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‘For him to whom emptiness is clear, Everything becomes clear.’

(Nāgārjuna, Mūlamadhyamakakārikā 69).

 

The idea of void as a field without form that at the same time is the source of all creation and is inseparably linked to all forms of creation is difficult to understand, and is a question that has arisen since ancient times and that both Oriental and Western civilizations have devoted themselves to analyzing.

Conceptually void is defined as ‘lack of content’ or as ‘non-existence, nullity’, while spatially it gains a different meaning than its dictionary definitions. Void in space is a ‘place’ incorporating activity. Therefore, this void created in form based on space indeed creates a 'place'. Or from a different perspective, void itself shapes the form and this form shaped by void creates the space.

The conceptual phenomena that the void undertakes go well beyond formal classifications. Therefore, 'void, space and form' will incorporate such concepts as existence - non-existence, interior - exterior, place - placeless, conflicting - contradicting each other. For centuries philosophers have reflected on this, and artists have strived to create voids in space, and to do so they have relied on physical, environmental, conceptual and semantic factors among others.

In the twentieth century visual artists have faced the void as an intellectual exercise and as another spatial entity to work on, and a legion of great figures such as Kazimir Malévich, Alexander Calder, Yves Klein, Lucio Fontana, Eduardo Chillida and Barnett Newman amongst others pondered and investigated it.

For decades the Spanish painter Jordi Teixidor and the Colombian sculptor John Castles have continued with this exploration, from two distant countries and clearly using different mediums, as well as distinct approaches; both artists have shared a deep and enriching reasoning about empty elements and through their artworks are investigating the extended fields, the monumentality of the volume and the expansion of spaces.

The exhibition John Castles and Jordi Teixidor: the limits of the void  is therefore a suggestive proposal, which is at the same time anthological and thematic and that relates two different corpus of work that, when coinciding in the rooms of NF/NIEVES FERNANDEZ and NUEVEOCHENTA following the same conceptual coordinates, is revealing because it shows that two artists - despite their remoteness and lack of contact until a few months ago - converge in the investigation of the idea of the limit as a basis to conceive, approach and work on the void.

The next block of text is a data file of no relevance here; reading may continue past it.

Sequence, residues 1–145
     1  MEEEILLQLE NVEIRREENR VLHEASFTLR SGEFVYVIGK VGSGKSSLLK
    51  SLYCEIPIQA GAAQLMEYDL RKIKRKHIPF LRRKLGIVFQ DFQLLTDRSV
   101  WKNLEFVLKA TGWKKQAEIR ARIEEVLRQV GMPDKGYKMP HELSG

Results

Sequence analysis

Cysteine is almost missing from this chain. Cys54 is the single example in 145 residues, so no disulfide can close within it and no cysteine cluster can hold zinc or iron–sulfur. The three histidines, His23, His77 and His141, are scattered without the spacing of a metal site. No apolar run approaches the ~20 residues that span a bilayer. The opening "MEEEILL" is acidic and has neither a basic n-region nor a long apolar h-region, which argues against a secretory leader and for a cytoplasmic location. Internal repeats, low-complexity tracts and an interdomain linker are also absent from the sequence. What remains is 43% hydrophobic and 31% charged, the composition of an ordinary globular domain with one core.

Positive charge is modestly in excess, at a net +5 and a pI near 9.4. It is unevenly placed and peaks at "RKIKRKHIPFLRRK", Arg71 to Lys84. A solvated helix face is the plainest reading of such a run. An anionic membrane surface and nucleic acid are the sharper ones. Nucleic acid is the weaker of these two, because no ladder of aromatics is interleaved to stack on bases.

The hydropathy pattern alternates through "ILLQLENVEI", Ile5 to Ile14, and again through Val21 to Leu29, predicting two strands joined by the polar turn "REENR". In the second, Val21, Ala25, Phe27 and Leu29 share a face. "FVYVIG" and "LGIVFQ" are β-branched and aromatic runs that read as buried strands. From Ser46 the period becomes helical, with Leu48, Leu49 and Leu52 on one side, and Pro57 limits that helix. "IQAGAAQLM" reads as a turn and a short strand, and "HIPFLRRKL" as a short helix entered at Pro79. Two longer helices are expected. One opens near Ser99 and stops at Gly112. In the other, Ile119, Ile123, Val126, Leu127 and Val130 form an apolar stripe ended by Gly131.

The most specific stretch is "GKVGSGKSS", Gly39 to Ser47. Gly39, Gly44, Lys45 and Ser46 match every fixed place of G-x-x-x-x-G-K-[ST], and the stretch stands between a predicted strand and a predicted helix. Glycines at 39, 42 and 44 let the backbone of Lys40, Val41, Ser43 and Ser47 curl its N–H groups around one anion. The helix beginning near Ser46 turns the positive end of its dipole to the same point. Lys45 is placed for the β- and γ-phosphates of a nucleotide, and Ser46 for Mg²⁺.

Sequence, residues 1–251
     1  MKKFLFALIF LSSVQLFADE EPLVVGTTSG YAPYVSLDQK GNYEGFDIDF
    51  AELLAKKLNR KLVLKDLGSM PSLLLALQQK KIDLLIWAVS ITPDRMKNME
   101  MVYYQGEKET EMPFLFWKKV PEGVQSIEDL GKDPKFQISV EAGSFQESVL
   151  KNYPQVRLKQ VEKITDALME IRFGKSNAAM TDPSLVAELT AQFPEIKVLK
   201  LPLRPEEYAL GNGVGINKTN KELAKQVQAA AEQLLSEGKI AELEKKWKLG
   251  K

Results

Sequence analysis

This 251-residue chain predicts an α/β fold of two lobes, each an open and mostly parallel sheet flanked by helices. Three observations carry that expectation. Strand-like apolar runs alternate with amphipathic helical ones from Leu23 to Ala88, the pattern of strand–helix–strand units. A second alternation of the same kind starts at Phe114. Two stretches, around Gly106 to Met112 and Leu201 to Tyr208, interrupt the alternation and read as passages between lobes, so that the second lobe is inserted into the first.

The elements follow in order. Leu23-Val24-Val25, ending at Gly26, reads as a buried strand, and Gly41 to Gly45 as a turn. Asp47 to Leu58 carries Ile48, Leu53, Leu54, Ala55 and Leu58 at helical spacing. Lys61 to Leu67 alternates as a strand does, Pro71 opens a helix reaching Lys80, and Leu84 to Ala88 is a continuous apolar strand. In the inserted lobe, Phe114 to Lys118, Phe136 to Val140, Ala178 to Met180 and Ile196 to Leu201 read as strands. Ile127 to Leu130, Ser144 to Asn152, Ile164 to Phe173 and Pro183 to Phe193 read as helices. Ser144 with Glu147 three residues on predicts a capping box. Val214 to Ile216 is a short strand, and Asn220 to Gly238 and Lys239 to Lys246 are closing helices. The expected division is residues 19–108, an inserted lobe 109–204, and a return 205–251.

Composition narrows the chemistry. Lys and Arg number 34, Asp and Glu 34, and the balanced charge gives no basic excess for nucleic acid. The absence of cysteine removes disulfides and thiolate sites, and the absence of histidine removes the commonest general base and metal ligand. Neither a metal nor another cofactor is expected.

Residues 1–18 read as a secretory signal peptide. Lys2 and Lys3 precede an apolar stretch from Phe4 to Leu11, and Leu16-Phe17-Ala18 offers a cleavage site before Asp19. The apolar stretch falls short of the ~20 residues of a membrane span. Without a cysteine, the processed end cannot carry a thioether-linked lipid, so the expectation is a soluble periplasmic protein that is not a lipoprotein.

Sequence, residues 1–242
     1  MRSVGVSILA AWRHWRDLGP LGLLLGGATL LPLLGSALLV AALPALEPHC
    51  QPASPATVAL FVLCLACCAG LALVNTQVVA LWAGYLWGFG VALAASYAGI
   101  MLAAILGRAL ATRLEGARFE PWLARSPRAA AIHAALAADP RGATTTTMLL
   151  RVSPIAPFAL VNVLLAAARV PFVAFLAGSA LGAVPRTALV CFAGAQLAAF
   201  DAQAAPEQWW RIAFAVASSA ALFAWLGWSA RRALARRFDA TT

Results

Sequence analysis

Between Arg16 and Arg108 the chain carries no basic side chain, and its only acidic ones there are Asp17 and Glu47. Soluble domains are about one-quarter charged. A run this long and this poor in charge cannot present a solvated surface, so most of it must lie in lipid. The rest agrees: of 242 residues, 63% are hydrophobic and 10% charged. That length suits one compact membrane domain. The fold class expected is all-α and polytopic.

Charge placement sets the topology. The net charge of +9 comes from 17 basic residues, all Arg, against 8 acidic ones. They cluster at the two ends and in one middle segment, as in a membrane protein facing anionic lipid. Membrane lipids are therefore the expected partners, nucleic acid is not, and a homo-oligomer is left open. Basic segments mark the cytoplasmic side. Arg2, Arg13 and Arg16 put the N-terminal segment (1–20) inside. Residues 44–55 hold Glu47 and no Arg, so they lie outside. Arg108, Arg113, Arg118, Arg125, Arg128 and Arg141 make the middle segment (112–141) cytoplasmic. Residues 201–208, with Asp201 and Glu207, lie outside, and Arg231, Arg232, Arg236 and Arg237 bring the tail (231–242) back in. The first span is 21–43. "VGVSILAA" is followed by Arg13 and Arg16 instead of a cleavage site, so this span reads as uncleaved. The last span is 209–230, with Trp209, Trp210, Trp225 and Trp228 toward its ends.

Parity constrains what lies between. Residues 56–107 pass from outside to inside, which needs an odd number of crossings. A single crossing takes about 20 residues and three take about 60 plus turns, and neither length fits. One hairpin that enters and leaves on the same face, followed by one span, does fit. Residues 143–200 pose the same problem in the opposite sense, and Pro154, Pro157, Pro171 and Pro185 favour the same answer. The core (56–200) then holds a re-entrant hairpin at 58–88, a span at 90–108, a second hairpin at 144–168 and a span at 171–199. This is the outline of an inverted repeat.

Jordi Teixidor was born in Valencia, Spain in 1941, studied Fine Arts and devoted himself to exploring chromatic uniformity and abstract painting since the beginning of his career in the sixties. His works are aesthetically reductionist and of a limited chromatic range (with a marked predilection for black in recent years). The artist avoids the spectacle and emotion, and rather aspires that the viewer enters a meditative contemplation where she/he questions and expands the limits of her/his perception.

John Castles was born in Barranquilla, Colombia in 1946, studied architecture but left this studies to devote himself to sculpture. From the beginning he dedicated himself to abstraction, always using construction materials but showing favoritism for iron, his works intend to unfold the form and the matter; he first achieved this with more geometric and rigid pieces, which over the years changed onto more flexible and undulating works. Castles always challenges the gravitational field, explores the presence of the void and seeks to transform the interior space of each work and the area that surrounds it.

In the work of John Castles and Jordi Teixidor you can talk about coincidences and points of contact: both tend to a simple execution, to the reductionism of forms and bring to their maximum expression the simplest elements. The two artists seek to order proportions, present a concern for balance and demonstrate a marked interest in architecture - which is denoted in the investigation of physical reality and in the emphasis on spatial effects. The exhibited works of Teixidor and Castles coincide in the investigation of volumes, the examination of the presence and above all the search for another reality. Teixidor and Castles demonstrate that they have managed to challenge the 'limits' of the vacuum by revealing the capacity of the artwork to generate spaces and create places.

Curator: Isabela Villanueva

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